Sally Tarnowski is a state district court judge in Duluth, Minnesota. She presides over Courtroom 3 on the fourth floor of the St. Louis County Courthouse, an imposing building offering views of Lake Superior. The Anishinaabe, on whose ancestral lands Duluth sits, call the lake Gitchi-Gami—Great Sea. Today, the courtroom has an unusual setup. The judge is not up at the dais. Instead, she sits at a table along with a team of social workers, lawyers and guardians ad litem, as well as the parties being represented. Small bags of tobacco, traditional Anishinaabe medicine, are in abalone shells nearby, free for people to take. In the middle of the table are some sage and sweetgrass—also Anishinaabe medicines, for purification and healing.
All of the cases Tarnowski hears on this cold January day fall under the Indian Child Welfare Act, a 41-year-old federal law that governs adoption and child protective cases for members of federally recognized tribes as well as their children. When a child needs to be placed in foster care or adopted, the law gives preference to placement with family or other tribal members. And it makes the tribes a party in the cases. Although the law is federal, family courts are run by states.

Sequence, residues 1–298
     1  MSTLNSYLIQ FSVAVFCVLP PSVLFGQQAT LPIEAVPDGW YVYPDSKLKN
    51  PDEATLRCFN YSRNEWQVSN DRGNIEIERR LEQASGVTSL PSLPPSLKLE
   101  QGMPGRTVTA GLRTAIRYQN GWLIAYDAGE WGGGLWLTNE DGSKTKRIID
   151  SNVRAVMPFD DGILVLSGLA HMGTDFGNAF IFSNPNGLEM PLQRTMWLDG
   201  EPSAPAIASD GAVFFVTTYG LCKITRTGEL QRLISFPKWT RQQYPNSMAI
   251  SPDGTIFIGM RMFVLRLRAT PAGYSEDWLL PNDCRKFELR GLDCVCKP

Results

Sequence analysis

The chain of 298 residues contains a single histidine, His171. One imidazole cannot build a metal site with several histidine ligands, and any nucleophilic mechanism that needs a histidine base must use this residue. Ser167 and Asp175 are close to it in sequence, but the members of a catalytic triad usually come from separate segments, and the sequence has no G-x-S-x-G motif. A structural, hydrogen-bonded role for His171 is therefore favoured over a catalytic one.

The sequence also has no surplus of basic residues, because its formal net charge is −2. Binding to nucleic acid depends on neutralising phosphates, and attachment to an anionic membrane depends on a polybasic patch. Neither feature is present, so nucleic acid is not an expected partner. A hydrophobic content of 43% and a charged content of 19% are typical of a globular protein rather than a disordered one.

The dedicated ICWA court in Duluth, which has been around since 2015, grew out of an effort by Tarnowski and Brenda “Bree” Bussey—the director of the Center for Regional and Tribal Child Welfare Studies at the University of Minnesota Duluth, who is Anishinaabe and Mohawk—to improve the process for these cases. They formed a collaborative with lawyers, tribal representatives, social-service workers and tribal child welfare experts. The group came up with several innovations, such as consolidating cases in one courtroom, scheduling cases so tribal members from distant reservations could attend, and having everyone sit at the same table.